San Francisco Symphony's Michael Tilson Thomas
Adams, Prokofiev, Ravel Swoop and Soar
By: Susan Hall - Nov 21, 2014
San Francisco Orchestra
Conducted by Michael Tilson Thomas
Gil Shaham, Violin
New York Choral Artists
Joseph Flummerfelt, Director
Samuel Adams, Drift and Providence
Sergei Prokofiev, Violin Concerto No. 2 in G Minor, Op. 63
Maurice Ravel, Daphnis and Chloe
New York, New York
November 20, 2014
The sound of the evening was unusual and lushly thrilling. It suited the San Francisco Orchestra and Michael Tilson Thomas perfectly. Conventional wisdom places the newest pieces first so people don't exit after warhorses. On reflection, I liked hearing backwards and forward through Adams, Prokofiev and Ravel. Adams grew out of these composers, but what was novel about them in their time stood out having listened to Adams.
All three composers listen to sounds around them and translate them into a musical form. Adams talks about learning 'noise,' which is sometimes defined as "the sound something makes," but at other times more closely related to composition and called "unorganized sound."
Drift and Providence, the second Violin Concerto and Daphnes and Chloe are all organized. But some of the sounds are unusual. In the electronic part of Adams' piece, one critic heard silverware cascading. I heard rattling on an old-fashioned washboard. Adams was in back of the hall, capturing these sounds and then playing them again as the piece proceeded.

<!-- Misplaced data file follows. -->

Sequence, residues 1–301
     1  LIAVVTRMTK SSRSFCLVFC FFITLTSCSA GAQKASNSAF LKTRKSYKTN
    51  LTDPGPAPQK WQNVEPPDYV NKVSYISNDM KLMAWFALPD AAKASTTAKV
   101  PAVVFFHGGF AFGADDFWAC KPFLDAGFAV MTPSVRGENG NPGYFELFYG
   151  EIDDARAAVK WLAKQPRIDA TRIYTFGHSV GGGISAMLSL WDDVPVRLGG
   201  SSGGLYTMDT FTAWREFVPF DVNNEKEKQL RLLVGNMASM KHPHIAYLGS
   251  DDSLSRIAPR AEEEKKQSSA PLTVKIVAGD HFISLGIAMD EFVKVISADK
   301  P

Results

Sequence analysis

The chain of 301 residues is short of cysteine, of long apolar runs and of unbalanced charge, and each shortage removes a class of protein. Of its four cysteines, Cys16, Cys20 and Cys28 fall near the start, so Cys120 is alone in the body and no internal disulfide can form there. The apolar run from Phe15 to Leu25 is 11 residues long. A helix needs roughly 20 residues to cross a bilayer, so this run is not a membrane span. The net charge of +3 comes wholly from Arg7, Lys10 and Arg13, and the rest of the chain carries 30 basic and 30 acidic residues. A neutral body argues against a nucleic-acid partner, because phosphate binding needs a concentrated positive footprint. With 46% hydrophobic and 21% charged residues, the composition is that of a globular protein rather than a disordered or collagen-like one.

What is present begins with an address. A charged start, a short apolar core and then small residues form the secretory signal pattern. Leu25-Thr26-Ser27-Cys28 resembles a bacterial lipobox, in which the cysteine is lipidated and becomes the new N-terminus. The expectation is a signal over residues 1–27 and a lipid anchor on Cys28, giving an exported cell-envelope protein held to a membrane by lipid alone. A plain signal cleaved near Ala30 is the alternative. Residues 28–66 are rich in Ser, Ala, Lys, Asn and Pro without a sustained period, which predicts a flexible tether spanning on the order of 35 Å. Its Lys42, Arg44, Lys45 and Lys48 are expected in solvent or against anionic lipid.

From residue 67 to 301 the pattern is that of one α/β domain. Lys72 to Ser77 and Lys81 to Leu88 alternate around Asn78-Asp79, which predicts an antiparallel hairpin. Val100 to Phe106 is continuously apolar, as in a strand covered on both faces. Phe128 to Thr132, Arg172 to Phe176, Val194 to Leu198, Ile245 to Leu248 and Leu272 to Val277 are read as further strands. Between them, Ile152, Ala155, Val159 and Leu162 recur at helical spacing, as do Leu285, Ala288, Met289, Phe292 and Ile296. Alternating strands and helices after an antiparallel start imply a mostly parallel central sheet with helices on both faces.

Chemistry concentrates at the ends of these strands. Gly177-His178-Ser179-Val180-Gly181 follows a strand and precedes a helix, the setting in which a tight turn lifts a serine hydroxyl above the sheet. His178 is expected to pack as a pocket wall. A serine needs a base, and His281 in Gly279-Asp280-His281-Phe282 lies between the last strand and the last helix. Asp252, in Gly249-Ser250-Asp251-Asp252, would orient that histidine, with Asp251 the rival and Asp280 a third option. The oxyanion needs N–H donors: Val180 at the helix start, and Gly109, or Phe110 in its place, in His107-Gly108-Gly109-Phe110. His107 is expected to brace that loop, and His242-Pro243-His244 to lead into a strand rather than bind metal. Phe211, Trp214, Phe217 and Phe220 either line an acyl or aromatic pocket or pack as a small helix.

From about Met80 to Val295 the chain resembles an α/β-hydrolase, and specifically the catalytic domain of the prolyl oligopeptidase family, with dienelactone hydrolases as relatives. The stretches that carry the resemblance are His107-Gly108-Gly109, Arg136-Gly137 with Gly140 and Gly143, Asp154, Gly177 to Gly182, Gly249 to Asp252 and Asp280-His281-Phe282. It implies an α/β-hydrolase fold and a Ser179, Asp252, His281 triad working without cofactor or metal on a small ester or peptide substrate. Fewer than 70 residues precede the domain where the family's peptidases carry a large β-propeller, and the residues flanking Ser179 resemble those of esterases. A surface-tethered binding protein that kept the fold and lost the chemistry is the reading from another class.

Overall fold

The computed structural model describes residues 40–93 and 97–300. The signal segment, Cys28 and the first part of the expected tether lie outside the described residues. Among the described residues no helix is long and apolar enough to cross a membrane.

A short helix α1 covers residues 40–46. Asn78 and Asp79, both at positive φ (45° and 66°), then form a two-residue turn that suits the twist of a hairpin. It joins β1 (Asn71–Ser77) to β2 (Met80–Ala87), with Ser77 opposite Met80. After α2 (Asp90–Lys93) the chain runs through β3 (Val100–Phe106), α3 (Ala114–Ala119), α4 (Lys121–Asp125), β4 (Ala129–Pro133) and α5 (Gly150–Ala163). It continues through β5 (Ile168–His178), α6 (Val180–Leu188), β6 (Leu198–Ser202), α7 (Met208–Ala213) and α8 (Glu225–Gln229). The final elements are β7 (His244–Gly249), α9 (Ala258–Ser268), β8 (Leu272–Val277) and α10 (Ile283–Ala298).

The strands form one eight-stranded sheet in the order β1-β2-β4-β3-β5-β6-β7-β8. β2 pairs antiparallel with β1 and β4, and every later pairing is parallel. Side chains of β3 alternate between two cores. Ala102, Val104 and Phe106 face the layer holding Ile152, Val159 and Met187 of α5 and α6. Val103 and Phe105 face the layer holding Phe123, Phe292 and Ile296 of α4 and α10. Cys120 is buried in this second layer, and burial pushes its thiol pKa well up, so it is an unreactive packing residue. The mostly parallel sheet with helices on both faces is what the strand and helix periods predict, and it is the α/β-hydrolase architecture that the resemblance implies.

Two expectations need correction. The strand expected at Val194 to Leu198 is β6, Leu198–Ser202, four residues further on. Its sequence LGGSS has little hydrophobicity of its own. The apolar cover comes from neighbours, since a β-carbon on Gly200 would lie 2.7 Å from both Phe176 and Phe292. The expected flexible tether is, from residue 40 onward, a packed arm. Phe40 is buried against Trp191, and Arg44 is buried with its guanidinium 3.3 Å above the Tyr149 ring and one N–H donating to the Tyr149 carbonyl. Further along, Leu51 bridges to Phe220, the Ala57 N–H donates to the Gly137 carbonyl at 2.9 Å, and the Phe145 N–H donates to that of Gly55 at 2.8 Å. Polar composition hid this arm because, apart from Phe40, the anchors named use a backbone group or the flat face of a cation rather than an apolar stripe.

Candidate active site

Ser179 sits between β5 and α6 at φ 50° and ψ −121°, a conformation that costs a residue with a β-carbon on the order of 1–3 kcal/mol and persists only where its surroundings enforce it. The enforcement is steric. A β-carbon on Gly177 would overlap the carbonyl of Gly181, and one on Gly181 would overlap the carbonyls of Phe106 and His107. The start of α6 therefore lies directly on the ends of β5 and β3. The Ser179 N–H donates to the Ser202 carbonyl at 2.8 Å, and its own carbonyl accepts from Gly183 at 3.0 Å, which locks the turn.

Place is also captured. Adams is in San Francisco, the city of wharfs and buoys and water lapping on the shore. Prokofiev had just returned to his native Russia and we hear its folk songs and dances in this Concerto. Ravel, on assignment for Diaghalev and opening his ear to the sounds of Greek myth and the flap of dancers limbs soaring through the air, suggests mythology and great breaths.
Long takes, wide swoops, characterize all three composers. The San Francisco Symphony performs with a seemingly reckless abandon, and yet the music is held together by precision and an incessant beat.
The Second violin concerto was performed by Gil Shaham, an American born, Israeli-trained dynamo. The lyrical passages of the concerto are like those of Romeo and Juliet. Buoyant, gay and lively. Pungent. The piece had originally been given to Robert Soetens, the French violinist, on a year's exclusive and together Prokofiev and Soetens toured Spain, Portugal, Morocco, Algeria and Tunisa.
None of the mocking, grotesque effects which had astonished listeners in the development section of the first concerto are present. There are fewer harsh timbres and harmonies. We heard a more restrained and gentle play of tone colors. It is written in a simpler more intimate style. This does not surprise, because Prokofiev had first intended it be in a sonata.